Environmental damage caused by Soviet troops not yet fully repaired
The Warsaw Pact invasion of Czechoslovakia resulted in a permanent Soviet military presence on Czech soil. Between 1968 and 1991 –when the last of the Soviet troops finally left the country – they operated in 73 localities. The environmental damage they caused is taking years to repair and has already cost billions of crowns. Jakub Kašpar is a spokesman for the Czech Environment Ministry:
“The Soviet troops operated in 73 locations on the territory of the Czech Republic and sixty of them were left considerably contaminated. The main problem was the contamination of ground water by fuels like petrol or diesel and other toxins like oil-based hydrocarbons, chlorinated hydrocarbons or polychlorinated biphenyls. Another big problem was dumps of hazardous waste.”
And I understand there was a lot of unexploded ammunition about –unexploded mines?
“Yes, that is correct.”
So how much has been cleaned up to date?
Was the damage contained at least or has it affected people living nearby?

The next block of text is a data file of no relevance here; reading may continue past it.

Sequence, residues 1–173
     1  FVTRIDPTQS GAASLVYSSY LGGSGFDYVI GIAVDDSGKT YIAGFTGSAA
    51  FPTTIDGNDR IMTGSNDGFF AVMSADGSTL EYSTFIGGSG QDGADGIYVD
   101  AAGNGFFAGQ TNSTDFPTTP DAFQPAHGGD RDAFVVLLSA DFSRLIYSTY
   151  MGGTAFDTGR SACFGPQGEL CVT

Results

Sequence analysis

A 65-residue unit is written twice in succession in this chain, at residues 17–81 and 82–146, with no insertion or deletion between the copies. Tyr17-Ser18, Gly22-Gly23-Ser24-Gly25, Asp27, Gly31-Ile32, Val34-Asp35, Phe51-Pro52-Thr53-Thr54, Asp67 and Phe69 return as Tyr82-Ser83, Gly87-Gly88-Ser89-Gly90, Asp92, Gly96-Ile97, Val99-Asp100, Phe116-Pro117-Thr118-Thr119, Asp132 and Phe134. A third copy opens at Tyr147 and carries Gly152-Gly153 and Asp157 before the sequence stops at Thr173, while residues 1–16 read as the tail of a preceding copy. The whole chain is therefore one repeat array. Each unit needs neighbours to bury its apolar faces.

“The main contamination happened on military sites which were not inhabited by civilians but there were also some sites located in the close vicinity of towns where the Soviet troops had their barracks, so for instance there are some contaminated sites in Milovice where people live or in Neředin near Olomouc where there are also people living in the area. So there was a risk that the contamination could affect civilians, but fortunately sanitation work started very quickly –almost as soon as the last Soviet train left the Milovice train station clean-up work began.”
“Frankly speaking, in communist Czechoslovakia there was very little environmental legislation in place and that which existed was very weak. And of course, the Soviet army was not interested in environmental protection.”
Is it possible to clean up these sites completely or will there be lasting damage?
“I think we will be able to clean them up completely and there should be no problem after 2012.”